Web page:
This post is the first in a series of interviews in which we talk to some successful and influential professionals from the multitude of fields that make up the photography industry.
If you hop on over to our Bursaries page you will see that The Photographic Angle has offered a number bursaries to students of photography to support their studies. In 2012, two students at the University of Wales Newport were lucky enough to be awarded our bursaries. Newport is a leader in delivering pioneering photographic education and has built an enviable reputation but in the UK and internationally. 2012 sees the centenary of teaching photography at Newport so what better time to catch up with the Academic Subject Leader for Photography, Paul Cabuts.
Paul Cabuts Academic Subject Leader University of Wales Newport
You initially worked as an independent freelance photographer. Can you tell us about your background and how you got into the industry?
My original training was in engineering and I had a successful career there. However, from the age of seven I had been messing about in darkrooms processing films and also regularly went out and about with a camera thanks to my uncle, who was a keen photographer. So later, whilst doing engineering, I continued to develop my photography skills – I was lucky to be able to get work as an assistant to a commercial photographer. With the skills I gained there, I eventually started to work as an independent freelance – initially undertaking photography for engineering companies but also pretty much anything else that came my way. It was then that I formally studied photography and eventually moved to working in the contemporary arts undertaking commissions and developing projects with cultural agencies.
You now work in the School of Film, Photography and Digital Media at Newport University as academic subject leader. How and why did you make the transition into education?
One of the things you quickly learn as a freelancer is the need for portfolio working. I was initially approached to teach on some night classes delivering basic photography techniques. I realised that I enjoyed teaching – you meet great people, have fun and often learn a lot yourself from others – plus they pay you! The next step saw me working in a college a couple of days a week whilst I continued freelancing the rest of the time. Again, there was a step-change, as I got very interested in developing new photography courses and teaching at higher levels. When the chance came to work at Newport it represented all the things I believed in and cared about in terms of what photography can do – I was delighted to become part of it.
Image by Lorna OBrien, Newport Photography Alumni
Newport University is one of the leading providers of photographic education in the UK. What is it about the department that has enabled it to build such an excellent reputation both nationally and internationally?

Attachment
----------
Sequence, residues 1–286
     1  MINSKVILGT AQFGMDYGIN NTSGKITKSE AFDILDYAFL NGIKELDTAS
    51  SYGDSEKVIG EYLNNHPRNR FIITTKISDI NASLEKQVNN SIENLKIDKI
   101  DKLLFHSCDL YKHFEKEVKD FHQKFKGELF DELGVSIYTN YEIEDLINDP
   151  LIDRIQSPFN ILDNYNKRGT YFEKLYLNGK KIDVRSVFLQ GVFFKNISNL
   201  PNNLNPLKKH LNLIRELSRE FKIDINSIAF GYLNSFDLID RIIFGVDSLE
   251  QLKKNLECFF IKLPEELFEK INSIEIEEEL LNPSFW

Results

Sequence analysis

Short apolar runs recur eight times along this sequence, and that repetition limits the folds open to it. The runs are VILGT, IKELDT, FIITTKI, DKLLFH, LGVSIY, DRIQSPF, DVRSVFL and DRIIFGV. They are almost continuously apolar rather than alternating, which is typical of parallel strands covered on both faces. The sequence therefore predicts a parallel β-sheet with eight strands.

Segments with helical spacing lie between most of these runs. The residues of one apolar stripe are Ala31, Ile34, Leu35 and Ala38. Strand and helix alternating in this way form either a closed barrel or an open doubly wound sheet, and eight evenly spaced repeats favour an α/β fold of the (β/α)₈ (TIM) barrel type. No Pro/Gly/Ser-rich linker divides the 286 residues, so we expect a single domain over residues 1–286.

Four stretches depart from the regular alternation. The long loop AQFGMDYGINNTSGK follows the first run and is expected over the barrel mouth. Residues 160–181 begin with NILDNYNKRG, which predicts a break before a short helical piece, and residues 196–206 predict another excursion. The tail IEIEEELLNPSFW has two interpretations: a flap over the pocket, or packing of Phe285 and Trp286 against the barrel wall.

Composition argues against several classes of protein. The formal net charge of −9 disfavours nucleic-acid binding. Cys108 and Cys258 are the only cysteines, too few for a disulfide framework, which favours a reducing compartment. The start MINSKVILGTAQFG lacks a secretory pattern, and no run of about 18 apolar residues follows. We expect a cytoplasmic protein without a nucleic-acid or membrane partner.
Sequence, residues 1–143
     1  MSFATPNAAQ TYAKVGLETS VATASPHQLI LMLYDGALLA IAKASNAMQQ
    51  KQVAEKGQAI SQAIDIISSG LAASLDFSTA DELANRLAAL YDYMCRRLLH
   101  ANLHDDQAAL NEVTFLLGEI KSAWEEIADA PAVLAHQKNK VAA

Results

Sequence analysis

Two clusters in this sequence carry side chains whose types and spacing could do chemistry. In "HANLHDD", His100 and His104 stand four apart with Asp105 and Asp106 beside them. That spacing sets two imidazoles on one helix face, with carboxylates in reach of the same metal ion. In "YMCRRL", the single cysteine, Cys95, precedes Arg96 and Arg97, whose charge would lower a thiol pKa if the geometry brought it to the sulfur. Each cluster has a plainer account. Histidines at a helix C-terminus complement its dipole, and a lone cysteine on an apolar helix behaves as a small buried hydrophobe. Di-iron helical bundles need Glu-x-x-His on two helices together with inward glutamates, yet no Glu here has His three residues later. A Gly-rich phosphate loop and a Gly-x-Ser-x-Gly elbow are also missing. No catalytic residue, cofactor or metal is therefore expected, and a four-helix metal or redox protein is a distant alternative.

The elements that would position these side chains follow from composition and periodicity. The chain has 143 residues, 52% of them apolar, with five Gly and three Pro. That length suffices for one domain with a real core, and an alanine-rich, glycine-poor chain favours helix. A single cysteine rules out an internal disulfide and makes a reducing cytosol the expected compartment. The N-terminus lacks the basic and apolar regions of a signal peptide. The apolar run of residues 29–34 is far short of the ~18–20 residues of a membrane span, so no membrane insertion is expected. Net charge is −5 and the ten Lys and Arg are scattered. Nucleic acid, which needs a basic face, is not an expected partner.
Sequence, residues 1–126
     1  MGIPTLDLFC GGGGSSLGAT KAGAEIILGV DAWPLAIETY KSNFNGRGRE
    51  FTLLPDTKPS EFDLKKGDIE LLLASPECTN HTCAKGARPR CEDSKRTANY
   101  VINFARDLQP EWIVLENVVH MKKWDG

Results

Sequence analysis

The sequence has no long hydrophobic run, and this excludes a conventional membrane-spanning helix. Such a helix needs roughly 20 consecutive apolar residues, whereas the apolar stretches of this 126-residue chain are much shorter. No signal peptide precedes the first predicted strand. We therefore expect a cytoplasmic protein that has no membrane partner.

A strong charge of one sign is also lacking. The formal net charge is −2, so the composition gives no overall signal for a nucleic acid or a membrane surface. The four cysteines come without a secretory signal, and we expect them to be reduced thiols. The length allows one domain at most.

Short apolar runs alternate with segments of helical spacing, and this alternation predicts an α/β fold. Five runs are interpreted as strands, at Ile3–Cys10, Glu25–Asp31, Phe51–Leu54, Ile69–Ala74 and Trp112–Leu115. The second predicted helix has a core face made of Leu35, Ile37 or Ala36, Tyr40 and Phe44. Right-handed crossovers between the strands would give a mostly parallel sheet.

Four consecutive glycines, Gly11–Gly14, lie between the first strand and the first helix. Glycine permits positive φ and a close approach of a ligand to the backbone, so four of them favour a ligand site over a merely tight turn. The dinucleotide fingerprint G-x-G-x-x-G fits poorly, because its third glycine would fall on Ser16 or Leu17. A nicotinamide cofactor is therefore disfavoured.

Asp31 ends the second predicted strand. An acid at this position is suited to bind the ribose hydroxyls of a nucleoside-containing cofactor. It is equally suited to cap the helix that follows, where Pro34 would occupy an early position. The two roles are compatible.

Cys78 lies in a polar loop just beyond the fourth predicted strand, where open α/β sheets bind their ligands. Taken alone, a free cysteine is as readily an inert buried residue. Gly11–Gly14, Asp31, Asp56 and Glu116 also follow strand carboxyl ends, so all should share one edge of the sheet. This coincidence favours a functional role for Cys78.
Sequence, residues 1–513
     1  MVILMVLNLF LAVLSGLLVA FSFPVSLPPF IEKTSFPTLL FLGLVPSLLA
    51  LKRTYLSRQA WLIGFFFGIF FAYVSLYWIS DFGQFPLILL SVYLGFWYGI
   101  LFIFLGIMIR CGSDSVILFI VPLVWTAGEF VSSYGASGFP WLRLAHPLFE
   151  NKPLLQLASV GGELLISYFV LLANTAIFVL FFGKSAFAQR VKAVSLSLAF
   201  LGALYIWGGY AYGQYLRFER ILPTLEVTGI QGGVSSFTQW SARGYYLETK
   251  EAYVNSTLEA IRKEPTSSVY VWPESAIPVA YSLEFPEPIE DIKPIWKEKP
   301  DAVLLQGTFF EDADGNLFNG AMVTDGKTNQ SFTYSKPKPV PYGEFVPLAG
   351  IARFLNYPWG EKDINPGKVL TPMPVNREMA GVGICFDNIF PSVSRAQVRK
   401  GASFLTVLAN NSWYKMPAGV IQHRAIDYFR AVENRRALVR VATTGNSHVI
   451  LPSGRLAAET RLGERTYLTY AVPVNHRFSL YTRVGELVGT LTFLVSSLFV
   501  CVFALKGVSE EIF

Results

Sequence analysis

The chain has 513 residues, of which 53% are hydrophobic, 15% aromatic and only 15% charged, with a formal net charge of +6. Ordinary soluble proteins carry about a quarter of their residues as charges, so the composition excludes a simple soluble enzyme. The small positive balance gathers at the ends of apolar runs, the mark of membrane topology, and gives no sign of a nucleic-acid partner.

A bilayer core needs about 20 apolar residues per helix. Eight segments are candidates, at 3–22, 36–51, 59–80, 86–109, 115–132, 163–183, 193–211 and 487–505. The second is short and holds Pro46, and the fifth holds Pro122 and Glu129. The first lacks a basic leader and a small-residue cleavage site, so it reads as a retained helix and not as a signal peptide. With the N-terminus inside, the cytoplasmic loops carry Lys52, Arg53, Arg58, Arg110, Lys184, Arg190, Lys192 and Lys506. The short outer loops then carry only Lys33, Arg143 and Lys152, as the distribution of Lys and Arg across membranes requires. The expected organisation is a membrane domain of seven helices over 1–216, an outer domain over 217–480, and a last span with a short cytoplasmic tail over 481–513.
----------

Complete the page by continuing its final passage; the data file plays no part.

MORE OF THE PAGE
This is difficult to quantify, but basically it is to do with the people who have been involved at Newport and the values that they have brought to it. The recent period of Newport’s success in photography started in the 1970s when David Hurn set up a course in documentary photography. David was (and is) the consummate professional who promoted the idea of going about the business of photography in a very straightforward yet sophisticated way. At the core of it was the way that you treat your subjects – this required you to spend time to learn about the subject, which then needed to be approached with empathy, sensitivity and integrity.
Photography is about communication so the detail within every image is essentially important; as is the way you put a series of images together. Basically, as a photographer you really do need to have something to say about your subject. Not least, photographs need an audience, and this has been a big part of Newport’s success – in some ways the part that requires the most knowledge and professionalism. Finding clients and the right outlets for images via magazines, books, the web, mobile devices, and the gallery is essential. Each of our current programmes whether in documentary photography, photographic art or photography for fashion and advertising produce work that is not only interesting and exciting, but most often reaches a wide audience through some form of dissemination. Being successful in photography is never just about taking a good picture.
2012 marks the Centenary of the study of photography at Newport University. Have any special events or projects been organised to celebrate this landmark year?
It has been a busy year for sure. One of the first things we did was reconnect photography at the University to the city of Newport through a celebration of the Newport Survey. For ten years from 1979 the Newport School of Art and Design developed a highly successful documentary photography project which was undertaken by students, directed by staff, and was supported by a number of organisations based in the Newport area. Each year a Newport Survey book containing a series of photographic essays was published. For our 2012 celebrations we produced an exhibition of this work at our new City Campus and invited many of the public who featured in the photographs from the 1980s to come and celebrate with us. The launch night was something of a party – it also said a great deal about Newport’s philosophy in terms of the relationship between photographers and their subjects.
Image by Michael Steele, Newport Photography Alumni
What do graduates from photography courses at Newport go on to do? Can you tell us about any graduates that have gone on to be particularly successful?